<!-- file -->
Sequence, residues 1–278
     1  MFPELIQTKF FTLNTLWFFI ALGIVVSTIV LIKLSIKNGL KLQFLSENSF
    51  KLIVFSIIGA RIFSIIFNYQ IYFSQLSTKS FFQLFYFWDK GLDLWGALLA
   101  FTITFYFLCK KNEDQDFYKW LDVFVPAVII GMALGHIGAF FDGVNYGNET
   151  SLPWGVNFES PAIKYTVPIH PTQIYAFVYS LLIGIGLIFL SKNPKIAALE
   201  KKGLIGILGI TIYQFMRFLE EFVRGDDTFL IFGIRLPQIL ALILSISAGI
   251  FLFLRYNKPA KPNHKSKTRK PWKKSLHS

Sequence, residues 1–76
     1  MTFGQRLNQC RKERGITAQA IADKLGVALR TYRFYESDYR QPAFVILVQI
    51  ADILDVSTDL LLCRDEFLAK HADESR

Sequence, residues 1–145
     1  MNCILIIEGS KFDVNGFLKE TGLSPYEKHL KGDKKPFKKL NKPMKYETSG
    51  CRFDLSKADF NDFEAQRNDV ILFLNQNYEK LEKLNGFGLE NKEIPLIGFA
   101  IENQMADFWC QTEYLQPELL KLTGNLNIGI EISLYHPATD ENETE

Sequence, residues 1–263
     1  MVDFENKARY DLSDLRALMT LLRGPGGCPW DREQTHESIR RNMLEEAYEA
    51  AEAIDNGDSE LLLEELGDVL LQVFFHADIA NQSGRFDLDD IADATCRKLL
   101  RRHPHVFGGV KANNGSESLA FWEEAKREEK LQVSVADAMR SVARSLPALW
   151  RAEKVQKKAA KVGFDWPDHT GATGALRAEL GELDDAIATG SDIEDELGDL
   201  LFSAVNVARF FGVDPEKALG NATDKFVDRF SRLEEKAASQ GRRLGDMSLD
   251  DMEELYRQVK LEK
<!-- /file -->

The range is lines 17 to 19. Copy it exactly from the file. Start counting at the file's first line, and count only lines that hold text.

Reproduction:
    51  AEAIDNGDSE LLLEELGDVL LQVFFHADIA NQSGRFDLDD IADATCRKLL
   101  RRHPHVFGGV KANNGSESLA FWEEAKREEK LQVSVADAMR SVARSLPALW
   151  RAEKVQKKAA KVGFDWPDHT GATGALRAEL GELDDAIATG SDIEDELGDL